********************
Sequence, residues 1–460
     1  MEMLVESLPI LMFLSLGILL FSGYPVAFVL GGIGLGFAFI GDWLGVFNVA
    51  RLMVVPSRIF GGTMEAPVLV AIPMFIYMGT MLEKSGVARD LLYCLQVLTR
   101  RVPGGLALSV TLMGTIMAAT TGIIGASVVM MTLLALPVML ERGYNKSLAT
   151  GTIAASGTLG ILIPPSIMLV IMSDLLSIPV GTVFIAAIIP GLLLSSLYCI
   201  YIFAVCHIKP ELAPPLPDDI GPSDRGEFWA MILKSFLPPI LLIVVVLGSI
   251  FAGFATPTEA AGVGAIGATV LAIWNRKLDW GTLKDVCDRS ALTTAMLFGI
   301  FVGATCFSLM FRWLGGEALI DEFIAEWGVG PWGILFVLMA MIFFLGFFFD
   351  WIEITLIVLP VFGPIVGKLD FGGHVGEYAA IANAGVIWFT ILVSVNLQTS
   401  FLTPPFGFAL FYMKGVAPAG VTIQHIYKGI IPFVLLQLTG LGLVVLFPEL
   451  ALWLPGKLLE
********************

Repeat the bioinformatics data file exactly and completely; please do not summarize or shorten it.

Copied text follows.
Sequence, residues 1–460
     1  MEMLVESLPI LMFLSLGILL FSGYPVAFVL GGIGLGFAFI GDWLGVFNVA
    51  RLMVVPSRIF GGTMEAPVLV AIPMFIYMGT MLEKSGVARD LLYCLQVLTR
   101  RVPGGLALSV TLMGTIMAAT TGIIGASVVM MTLLALPVML ERGYNKSLAT
   151  GTIAASGTLG ILIPPSIMLV IMSDLLSIPV GTVFIAAIIP GLLLSSLYCI
   201  YIFAVCHIKP ELAPPLPDDI GPSDRGEFWA MILKSFLPPI LLIVVVLGSI
   251  FAGFATPTEA AGVGAIGATV LAIWNRKLDW GTLKDVCDRS ALTTAMLFGI
   301  FVGATCFSLM FRWLGGEALI DEFIAEWGVG PWGILFVLMA MIFFLGFFFD
   351  WIEITLIVLP VFGPIVGKLD FGGHVGEYAA IANAGVIWFT ILVSVNLQTS
   401  FLTPPFGFAL FYMKGVAPAG VTIQHIYKGI IPFVLLQLTG LGLVVLFPEL
   451  ALWLPGKLLE